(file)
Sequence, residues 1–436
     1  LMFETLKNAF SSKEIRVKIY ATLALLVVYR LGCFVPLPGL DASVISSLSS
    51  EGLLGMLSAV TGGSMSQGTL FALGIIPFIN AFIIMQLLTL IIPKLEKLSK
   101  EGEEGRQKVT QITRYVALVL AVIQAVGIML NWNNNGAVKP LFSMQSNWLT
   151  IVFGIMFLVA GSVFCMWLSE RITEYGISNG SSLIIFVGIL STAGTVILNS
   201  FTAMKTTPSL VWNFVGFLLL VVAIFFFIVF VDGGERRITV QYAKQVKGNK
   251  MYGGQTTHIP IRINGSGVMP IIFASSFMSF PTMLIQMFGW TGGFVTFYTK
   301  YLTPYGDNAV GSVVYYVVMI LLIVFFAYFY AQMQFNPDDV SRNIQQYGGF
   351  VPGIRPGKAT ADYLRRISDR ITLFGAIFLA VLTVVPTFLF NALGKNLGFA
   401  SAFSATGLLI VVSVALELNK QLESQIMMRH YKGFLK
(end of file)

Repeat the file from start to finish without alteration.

Sequence, residues 1–436
     1  LMFETLKNAF SSKEIRVKIY ATLALLVVYR LGCFVPLPGL DASVISSLSS
    51  EGLLGMLSAV TGGSMSQGTL FALGIIPFIN AFIIMQLLTL IIPKLEKLSK
   101  EGEEGRQKVT QITRYVALVL AVIQAVGIML NWNNNGAVKP LFSMQSNWLT
   151  IVFGIMFLVA GSVFCMWLSE RITEYGISNG SSLIIFVGIL STAGTVILNS
   201  FTAMKTTPSL VWNFVGFLLL VVAIFFFIVF VDGGERRITV QYAKQVKGNK
   251  MYGGQTTHIP IRINGSGVMP IIFASSFMSF PTMLIQMFGW TGGFVTFYTK
   301  YLTPYGDNAV GSVVYYVVMI LLIVFFAYFY AQMQFNPDDV SRNIQQYGGF
   351  VPGIRPGKAT ADYLRRISDR ITLFGAIFLA VLTVVPTFLF NALGKNLGFA
   401  SAFSATGLLI VVSVALELNK QLESQIMMRH YKGFLK